1911 Encyclopædia Britannica/Pollock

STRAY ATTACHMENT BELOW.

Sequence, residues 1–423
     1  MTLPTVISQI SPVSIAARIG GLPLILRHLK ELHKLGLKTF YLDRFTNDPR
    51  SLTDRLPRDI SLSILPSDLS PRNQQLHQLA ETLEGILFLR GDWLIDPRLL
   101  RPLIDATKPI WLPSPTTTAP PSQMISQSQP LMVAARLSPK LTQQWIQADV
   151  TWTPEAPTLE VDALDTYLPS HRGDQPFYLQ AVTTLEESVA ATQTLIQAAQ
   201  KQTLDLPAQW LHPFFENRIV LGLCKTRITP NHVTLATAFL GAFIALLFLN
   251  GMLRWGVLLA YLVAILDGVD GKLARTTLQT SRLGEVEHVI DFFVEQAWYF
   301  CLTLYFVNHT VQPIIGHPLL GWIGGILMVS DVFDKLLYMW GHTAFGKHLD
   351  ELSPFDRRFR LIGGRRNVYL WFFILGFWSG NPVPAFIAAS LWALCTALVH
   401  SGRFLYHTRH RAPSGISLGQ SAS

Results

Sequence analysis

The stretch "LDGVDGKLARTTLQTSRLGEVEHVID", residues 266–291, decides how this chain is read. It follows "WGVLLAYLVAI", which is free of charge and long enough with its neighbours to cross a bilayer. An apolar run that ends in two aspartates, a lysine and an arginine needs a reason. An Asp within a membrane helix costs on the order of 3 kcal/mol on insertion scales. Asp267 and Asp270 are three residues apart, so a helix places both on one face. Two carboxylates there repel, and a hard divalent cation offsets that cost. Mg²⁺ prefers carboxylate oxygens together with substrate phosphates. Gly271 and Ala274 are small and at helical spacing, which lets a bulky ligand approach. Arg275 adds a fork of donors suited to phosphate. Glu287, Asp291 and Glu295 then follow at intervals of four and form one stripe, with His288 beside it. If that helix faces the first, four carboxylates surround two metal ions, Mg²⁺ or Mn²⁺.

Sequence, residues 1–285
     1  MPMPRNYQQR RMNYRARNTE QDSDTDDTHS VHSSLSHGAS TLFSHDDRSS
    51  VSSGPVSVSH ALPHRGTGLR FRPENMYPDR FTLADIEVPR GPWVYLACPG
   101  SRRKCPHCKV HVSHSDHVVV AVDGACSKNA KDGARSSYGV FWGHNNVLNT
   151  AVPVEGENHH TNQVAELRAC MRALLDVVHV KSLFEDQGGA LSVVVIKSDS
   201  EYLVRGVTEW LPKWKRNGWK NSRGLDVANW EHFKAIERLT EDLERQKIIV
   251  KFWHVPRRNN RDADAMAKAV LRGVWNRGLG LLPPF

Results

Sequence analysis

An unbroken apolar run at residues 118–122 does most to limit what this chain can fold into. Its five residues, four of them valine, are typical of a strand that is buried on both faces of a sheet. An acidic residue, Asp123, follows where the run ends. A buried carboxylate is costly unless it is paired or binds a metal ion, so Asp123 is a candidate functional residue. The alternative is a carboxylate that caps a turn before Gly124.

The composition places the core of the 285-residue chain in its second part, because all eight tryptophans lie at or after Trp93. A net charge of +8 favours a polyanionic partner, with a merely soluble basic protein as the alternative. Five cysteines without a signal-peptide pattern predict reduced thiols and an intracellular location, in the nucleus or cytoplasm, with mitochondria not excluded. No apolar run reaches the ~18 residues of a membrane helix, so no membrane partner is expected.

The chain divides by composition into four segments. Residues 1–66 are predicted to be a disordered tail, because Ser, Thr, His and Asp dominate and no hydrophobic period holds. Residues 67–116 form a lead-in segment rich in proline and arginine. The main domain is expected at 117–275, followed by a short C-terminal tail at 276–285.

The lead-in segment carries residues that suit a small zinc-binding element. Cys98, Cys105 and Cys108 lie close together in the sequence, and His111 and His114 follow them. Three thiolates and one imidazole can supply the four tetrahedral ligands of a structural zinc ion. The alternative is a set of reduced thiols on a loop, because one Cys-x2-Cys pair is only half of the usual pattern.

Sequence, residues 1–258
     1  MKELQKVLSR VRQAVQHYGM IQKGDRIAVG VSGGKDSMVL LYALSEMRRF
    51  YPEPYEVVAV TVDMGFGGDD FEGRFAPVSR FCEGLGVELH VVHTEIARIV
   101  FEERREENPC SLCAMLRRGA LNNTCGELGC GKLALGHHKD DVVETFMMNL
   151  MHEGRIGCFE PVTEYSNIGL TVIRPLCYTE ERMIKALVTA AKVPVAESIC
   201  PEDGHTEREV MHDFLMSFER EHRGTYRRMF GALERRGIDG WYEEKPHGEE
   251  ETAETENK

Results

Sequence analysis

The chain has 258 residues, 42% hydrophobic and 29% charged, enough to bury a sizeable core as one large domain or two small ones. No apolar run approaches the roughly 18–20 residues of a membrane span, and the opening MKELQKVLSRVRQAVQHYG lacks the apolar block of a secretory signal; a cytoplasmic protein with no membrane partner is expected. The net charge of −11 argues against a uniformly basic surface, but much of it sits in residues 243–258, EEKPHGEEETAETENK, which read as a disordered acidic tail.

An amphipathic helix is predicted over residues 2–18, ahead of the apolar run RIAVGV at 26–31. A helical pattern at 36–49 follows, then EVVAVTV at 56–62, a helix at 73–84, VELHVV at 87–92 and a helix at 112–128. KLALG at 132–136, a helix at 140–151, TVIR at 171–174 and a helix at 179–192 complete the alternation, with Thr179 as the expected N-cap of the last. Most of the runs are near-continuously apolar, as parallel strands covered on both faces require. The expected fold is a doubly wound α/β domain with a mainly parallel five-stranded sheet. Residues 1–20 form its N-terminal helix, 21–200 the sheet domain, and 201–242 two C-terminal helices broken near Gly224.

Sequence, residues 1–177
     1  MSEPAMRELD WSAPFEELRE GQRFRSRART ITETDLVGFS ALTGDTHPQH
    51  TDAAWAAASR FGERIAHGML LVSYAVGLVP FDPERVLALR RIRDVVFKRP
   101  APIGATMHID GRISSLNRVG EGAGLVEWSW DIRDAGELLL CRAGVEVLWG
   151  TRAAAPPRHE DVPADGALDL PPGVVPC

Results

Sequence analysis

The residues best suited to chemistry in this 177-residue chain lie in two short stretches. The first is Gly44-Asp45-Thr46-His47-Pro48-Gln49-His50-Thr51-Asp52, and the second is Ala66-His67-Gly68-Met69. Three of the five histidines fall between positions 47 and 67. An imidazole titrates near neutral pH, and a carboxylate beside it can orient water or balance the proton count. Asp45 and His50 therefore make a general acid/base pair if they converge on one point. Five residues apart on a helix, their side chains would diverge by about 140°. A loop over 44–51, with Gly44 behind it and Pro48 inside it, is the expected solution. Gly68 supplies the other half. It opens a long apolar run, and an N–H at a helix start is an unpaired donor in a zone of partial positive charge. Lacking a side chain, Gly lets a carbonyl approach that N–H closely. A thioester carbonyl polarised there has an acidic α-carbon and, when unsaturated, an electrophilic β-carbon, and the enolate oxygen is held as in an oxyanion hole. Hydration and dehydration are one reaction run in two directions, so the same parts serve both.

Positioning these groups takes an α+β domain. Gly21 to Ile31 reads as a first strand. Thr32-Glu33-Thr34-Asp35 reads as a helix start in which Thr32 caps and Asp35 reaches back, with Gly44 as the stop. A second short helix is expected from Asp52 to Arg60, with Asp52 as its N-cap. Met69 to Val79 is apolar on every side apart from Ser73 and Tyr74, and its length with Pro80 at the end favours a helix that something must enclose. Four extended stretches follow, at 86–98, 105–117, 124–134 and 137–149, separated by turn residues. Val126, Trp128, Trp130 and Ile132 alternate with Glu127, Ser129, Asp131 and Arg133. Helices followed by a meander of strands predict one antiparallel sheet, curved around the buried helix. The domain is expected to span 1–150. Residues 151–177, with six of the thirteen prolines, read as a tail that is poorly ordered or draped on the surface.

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POLLOCK, the name of an English family which has contributed many important members to the legal and other professions. David Pollock, who was the son of a Scotsman and built up a prosperous business in London as a saddler, had three distinguished sons: Sir David Pollock (1780–1847), chief justice of Bombay; Sir jonathan Frederick Pollock, Bart. (1783–1870), chief baron of the exchequer; and Sir George Pollock, Bart. (1786–1872), field-marshal. Of these the more famous were the two last. Field Marshal Sir George Pollock, who rendered valuable military service in India, and especially in Afghanistan in 1841–1843, ended his days as constable of the Tower of London, and was buried in Westminster Abbey; his baronetcy, created in 1872, descended to his son Frederick (d. 1874), who assumed the name of Montagu-Pollock, and so to his heirs. Chief Baron Sir J. Frederick Pollock, who had been senior Wrangler at Cambridge, and became F.R.S. in 1816, was raised to the bench in 1844, and created a baronet in 1866. He was twice married and had eight sons and ten daughters, his numerous descendants being prominent in many fields. The chief baron's eldest son, Sir William Frederick Pollock, 2nd Bart. (1815–1888), became a master of the Supreme Court (1846) and queen's remembrance (1874); his eldest son, Sir Frederick Pollock, 3rd Bart. (b. 1845), being the well-known jurist and legal historian, fellow of Trinity College, Cambridge, and Corpus professor of jurisprudence at Oxford (1883–1903), and the second son, Walter Herries Pollock (b. 1850), being a well-known author and editor of the Saturday Review from 1883 to 1894. The chief baron's third son, George Frederick Pollock (b. 1821), became a master of the Supreme Court in 1851, and succeeded his brother as queen's (king's) remembrance in 1886; among his sons were Dr W. Rivers Pollock (1859–1909), Ernest Murry Pollock, K.C. (b. 1861), and the Rt. Rev. Bertram Pollock (b. 1863), bishop of Norwich, and previously head master of Wellington College from 1893 till 1910. The chief baron’s fourth son, Sir Charles Edward Pollock (1823–1897), had a successful career at the bar and in 1873 became a judge, being the last survivor of the old barons of the exchequer; he was thrice married and had issue by each wife.